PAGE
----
Tuesday, 3 November 2015

Remove Something Everyday

Despite people acknowledging “less is more” as a cliché and overused adage, no one really seems to follow the actual advice. People are constantly being sold new things, even when the old ones are perfectly fine. The concept of “planned obsolescence” isn’t even a secret anymore. Most of the stuff people buy is unnecessary.

In a broader context, many of things we do are unnecessary. If you keep buying things you don’t need, you’ll need to work harder doing work you may not like, which takes time away from family life, spiritual pursuits, and other important stuff. The more you seek external things, the more life you end up trading for those things.

The mindset of needing more and wanting more creates a life of scarcity. When you strive for more, you give up more of yourself. The less you need, the more time you have to live your own life. Freeing ourselves of attachments results in a certain mental freedom that feels almost alien at first.

When you stop forcing your will upon the world, the world tends to be kinder.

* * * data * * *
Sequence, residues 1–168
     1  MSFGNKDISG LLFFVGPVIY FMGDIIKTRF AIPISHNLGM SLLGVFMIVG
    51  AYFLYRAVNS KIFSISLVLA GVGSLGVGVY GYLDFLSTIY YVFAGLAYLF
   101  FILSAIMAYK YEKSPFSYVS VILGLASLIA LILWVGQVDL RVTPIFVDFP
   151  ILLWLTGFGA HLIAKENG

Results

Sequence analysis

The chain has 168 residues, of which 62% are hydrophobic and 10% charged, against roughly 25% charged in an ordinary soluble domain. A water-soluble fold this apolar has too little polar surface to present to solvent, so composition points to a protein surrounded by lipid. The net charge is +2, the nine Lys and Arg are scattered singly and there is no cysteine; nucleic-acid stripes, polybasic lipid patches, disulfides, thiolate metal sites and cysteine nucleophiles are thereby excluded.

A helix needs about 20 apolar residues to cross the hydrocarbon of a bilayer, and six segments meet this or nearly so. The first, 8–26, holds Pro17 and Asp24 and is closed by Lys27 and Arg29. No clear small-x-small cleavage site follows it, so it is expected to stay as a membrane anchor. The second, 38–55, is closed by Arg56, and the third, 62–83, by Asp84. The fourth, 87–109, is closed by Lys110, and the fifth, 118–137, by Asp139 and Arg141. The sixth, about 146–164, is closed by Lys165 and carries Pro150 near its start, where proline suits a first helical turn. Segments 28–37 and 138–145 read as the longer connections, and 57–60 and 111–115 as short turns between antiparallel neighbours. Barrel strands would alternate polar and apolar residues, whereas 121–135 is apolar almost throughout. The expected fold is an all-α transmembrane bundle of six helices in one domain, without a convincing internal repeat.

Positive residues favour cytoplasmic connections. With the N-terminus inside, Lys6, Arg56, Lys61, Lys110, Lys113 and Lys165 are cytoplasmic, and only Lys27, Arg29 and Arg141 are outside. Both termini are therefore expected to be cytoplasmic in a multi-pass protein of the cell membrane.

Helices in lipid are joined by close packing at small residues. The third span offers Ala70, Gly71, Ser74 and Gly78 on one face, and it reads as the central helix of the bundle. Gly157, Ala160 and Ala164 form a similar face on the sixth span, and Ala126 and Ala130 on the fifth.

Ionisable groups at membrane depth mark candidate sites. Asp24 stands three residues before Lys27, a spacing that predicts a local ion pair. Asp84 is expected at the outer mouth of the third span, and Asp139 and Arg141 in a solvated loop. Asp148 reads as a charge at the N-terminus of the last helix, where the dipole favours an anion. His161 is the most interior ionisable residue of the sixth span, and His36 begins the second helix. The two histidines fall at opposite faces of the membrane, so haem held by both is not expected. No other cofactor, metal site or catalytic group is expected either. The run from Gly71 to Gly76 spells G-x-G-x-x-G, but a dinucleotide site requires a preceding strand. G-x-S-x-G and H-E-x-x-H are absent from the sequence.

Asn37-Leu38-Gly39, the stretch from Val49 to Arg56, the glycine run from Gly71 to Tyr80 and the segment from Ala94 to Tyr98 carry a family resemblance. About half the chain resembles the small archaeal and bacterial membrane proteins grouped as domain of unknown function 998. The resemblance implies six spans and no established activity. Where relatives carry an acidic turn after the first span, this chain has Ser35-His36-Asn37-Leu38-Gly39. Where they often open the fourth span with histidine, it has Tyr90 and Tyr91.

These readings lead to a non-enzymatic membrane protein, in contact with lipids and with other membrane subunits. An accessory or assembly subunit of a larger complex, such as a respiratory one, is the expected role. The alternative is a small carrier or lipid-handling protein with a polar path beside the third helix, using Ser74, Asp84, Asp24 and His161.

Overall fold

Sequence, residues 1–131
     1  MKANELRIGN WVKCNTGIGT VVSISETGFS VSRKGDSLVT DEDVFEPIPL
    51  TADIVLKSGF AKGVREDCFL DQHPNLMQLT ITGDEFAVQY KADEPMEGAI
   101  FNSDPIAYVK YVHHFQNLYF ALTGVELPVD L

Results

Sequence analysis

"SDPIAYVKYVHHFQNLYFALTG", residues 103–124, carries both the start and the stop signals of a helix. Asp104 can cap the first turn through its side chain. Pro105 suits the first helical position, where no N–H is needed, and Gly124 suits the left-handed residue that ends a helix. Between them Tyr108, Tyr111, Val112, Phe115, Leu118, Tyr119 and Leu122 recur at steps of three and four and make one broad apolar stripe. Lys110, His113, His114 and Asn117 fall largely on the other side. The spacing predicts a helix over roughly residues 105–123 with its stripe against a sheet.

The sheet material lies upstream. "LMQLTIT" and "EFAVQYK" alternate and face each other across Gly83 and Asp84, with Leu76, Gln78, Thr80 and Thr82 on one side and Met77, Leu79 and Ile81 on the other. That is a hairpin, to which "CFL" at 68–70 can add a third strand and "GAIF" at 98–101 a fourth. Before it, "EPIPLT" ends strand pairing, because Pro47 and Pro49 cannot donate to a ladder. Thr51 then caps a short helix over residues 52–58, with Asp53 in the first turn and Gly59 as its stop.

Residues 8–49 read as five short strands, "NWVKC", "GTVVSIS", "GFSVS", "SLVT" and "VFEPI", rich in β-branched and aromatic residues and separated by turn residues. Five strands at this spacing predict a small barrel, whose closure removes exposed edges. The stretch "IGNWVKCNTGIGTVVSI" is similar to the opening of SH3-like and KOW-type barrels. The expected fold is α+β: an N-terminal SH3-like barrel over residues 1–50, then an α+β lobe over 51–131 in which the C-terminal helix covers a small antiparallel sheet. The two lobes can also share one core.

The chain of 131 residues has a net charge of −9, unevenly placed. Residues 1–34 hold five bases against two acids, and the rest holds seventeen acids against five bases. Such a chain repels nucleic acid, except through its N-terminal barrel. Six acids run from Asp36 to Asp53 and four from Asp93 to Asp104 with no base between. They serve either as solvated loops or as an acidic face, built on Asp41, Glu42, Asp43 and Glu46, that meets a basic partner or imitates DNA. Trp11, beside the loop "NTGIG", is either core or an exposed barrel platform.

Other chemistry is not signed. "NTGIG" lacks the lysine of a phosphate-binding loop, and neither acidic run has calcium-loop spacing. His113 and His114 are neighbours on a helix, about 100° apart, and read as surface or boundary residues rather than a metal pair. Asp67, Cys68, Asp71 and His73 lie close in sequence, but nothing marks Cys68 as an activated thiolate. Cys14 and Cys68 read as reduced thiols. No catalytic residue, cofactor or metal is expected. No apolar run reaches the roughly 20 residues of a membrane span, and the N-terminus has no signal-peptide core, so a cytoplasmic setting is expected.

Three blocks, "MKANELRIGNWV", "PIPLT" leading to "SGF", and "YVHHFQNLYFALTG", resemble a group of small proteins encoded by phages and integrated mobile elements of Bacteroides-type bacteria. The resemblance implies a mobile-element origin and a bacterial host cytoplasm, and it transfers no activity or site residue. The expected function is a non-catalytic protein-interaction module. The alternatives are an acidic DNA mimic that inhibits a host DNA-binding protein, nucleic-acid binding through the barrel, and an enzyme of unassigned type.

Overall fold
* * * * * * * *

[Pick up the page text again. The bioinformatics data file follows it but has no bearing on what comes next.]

When you go to a dinner party, you don’t walk in all sweaty and desperate and demand that the host give you a steak, french fries, a special craft beer and a silk napkin. You show gratitude and you take what you get. Many people approach the world in the former way, though. They think that life owes them something, and they’ll do anything to get ahead.

They might get ahead, but will they be any happier? Not as long as they’re searching for something outside of themselves. And you know what? The attitude of the materialistic and desperate person does little more than deplete the world’s resources and induce further chaos. No one wins that race.

You know the saying “beggars can’t choose?” We’re all beggars of a sort in this life. We can choose our circumstances to an extent, but we experience the most peace when we’re able to adapt to a scenario rather than force the world to conform to our wishes.

To remove the unnecessary is more of an act of strong will than to demand too much from the world. Boldness is expressed in simplicity. Brevity is wit. I’ll keep this one short.

By Charlie Ambler, The Daily Zen

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